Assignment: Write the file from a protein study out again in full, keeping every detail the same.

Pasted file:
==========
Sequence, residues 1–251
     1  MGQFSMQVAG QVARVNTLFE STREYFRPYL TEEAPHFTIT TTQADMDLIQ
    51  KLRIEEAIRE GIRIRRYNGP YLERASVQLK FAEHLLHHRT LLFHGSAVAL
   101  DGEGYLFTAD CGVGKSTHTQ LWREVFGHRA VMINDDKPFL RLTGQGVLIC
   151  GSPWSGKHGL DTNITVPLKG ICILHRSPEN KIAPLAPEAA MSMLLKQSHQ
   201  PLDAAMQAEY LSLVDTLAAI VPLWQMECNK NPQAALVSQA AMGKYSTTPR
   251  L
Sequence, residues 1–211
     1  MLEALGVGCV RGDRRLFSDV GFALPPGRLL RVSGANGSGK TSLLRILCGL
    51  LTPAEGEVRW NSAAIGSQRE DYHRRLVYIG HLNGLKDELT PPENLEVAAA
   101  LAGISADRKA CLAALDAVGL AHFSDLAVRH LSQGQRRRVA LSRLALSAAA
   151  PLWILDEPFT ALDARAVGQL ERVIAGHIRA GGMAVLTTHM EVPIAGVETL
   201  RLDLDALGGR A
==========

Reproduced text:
Sequence, residues 1–251
     1  MGQFSMQVAG QVARVNTLFE STREYFRPYL TEEAPHFTIT TTQADMDLIQ
    51  KLRIEEAIRE GIRIRRYNGP YLERASVQLK FAEHLLHHRT LLFHGSAVAL
   101  DGEGYLFTAD CGVGKSTHTQ LWREVFGHRA VMINDDKPFL RLTGQGVLIC
   151  GSPWSGKHGL DTNITVPLKG ICILHRSPEN KIAPLAPEAA MSMLLKQSHQ
   201  PLDAAMQAEY LSLVDTLAAI VPLWQMECNK NPQAALVSQA AMGKYSTTPR
   251  L
Sequence, residues 1–211
     1  MLEALGVGCV RGDRRLFSDV GFALPPGRLL RVSGANGSGK TSLLRILCGL
    51  LTPAEGEVRW NSAAIGSQRE DYHRRLVYIG HLNGLKDELT PPENLEVAAA
   101  LAGISADRKA CLAALDAVGL AHFSDLAVRH LSQGQRRRVA LSRLALSAAA
   151  PLWILDEPFT ALDARAVGQL ERVIAGHIRA GGMAVLTTHM EVPIAGVETL
   201  RLDLDALGGR A